This post is marked green, but I only see red.

2 red tags saying I don’t want to read posts about that.
Word in the title marked red because I don’t want these type of posts.
1 green tag.

How come this feed item is shown as green? Even marking it yellow would be a stretch.

Posting this on here so you might be able to refine the algorithms.

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After trying to learn it more about my Lifehacker preferences I seem to notice that any single green tag can outweigh almost any amount of red. 4 red tags VS 1 green tag makes the post go on my green list.

What’s the idea behind this? Makes it very hard to filter anything in practise.

You’re right about a single green overriding a series of reds.

The implicit assumption is that you are subscribing to a feed, so you already must want to read it. And if there’s at least *something* about a feed you want to read, you should see the story. Pretty simple. And you’re right, in practice, occasionally some heavily conflicted stories get filtered up, but I think it makes it far easier to figure out what’s going to happen, knowing that a green means you want to read it.

I would be willing to take input on perhaps having levels of filtering, or even just placing title filters above tags filters above author filters above publisher filters. In that case, a red in title overrides a green in tag.

I was thinking it would be something like that. And you are right, in most cases you would want a reset as soon as a green flag pops up. I think it just wasn’t what I was expecting.

An example with Lifehacker would be me flagging the ‘free’ and the ‘downloads’ tag as green. These are things I don’t want to see buried by noise. But at the same time I do not own an android phone so I have flagged ‘android’ and ‘android downloads’ red. I would expect a ‘free’, ‘downloads’, ‘android’, ‘android downloads’ flagged post to be neutral and coloured based on possible other flags. (I might still want to read about it when it is tagged green ‘security’ but not when it is tagged red ‘cars’)

An other example would be Psychology Today. Here I wish to follow ‘parenting’ and ‘child development’ but I’m not interested in them rattling on about whatever abuse case is on the news, so ‘child abuse’ is flagged red. Most articles mentioning children include one of the first green tags however, taking away all meaning of the red tags.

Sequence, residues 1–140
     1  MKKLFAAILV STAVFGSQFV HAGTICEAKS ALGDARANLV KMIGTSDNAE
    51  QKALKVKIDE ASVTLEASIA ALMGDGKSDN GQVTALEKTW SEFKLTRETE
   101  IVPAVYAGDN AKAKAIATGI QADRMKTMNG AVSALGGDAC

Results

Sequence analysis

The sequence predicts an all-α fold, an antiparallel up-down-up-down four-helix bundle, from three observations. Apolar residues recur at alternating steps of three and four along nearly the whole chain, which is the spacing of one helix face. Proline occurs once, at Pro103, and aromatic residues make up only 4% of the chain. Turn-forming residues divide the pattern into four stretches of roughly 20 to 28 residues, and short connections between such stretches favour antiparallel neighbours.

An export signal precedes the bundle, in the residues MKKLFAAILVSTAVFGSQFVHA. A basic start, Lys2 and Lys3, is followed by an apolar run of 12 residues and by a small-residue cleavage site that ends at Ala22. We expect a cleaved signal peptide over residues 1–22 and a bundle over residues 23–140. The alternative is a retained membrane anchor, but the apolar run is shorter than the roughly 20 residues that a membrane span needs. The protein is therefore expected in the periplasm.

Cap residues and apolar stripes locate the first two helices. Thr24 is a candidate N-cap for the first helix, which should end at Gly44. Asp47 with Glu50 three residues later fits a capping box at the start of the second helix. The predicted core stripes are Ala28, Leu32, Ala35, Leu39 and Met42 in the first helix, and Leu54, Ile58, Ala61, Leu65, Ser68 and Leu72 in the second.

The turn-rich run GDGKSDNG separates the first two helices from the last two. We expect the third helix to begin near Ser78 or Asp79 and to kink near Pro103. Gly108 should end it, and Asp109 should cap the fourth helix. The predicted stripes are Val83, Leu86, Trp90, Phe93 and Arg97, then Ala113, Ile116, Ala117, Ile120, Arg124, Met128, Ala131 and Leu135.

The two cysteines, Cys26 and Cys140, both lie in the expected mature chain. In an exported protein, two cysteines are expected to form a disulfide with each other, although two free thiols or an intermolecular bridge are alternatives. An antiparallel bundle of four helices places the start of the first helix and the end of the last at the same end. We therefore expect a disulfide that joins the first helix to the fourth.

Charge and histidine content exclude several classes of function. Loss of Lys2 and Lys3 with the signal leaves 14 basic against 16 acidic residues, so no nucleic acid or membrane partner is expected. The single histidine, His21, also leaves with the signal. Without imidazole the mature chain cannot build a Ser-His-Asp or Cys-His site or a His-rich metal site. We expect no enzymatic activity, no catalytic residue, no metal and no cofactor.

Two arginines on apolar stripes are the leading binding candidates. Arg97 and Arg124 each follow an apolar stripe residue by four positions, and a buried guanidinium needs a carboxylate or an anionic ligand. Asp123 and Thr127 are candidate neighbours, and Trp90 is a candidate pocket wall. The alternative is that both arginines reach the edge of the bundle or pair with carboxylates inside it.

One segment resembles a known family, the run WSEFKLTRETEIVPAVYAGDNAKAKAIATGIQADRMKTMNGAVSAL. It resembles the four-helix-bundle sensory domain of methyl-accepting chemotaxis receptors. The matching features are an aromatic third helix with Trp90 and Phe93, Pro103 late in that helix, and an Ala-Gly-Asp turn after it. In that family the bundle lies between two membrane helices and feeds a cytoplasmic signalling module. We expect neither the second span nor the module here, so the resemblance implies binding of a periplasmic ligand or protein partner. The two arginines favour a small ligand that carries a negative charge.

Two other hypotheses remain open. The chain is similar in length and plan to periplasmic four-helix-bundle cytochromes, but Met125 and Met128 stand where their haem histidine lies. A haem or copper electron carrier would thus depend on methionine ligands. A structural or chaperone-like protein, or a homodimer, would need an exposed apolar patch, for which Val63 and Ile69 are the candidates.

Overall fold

I hope you see where I’m coming from here. And I think it is something that could make NewsBlur even more intelligent. Especially for us who subscribe to feeds with plenty of tags.

I hear ya, but there’s no good way to solve this reliably and simply for all users. I certainly hedged on the play-it-safe route of allowing a green to capture all the winnings, but anything more complicated may make it impossible to reliably filter feeds and know what to expect.

Your examples sound like you would benefit from intelligence tiers. Not only a thumbs up or down, but also a score of -1 or -2 and +1 or +2. And it seems you want counting to happen.

The way I implemented scoring, I could potentially allow for either quite easily just by making a couple changes, but I really have to be convinced it’s the way to go. Also, having tiers means educating users, which is something I kind of don’t have to do right now.

Your examples sound like you would benefit from intelligence tiers. Not only a thumbs up or down, but also a score of -1 or -2 and +1 or +2. And it seems you want counting to happen.

Counting would fix most of it for me already. Tiers will of course fix many different edge cases, but I think you can work around needing those in most cases. (e.g. by adding a title match.)

Personally I think counting +1 for green and -1 for red matches will work in 99% of my (and everyone’s) filtering. The only thing I would add to that is a possible ±x for yellow matches. When an item has 20 coloured tags and the final count ends at +1 or -1 the chances are you didn’t want it to be either green or red at all. The more coloured tags go into the addition the further it could be off of 0 and still be yellow.

That way it’s still just a matter of simple green - red = rating, understandable to all.

I do agree with you, an interface should work without having to teach the user about it first.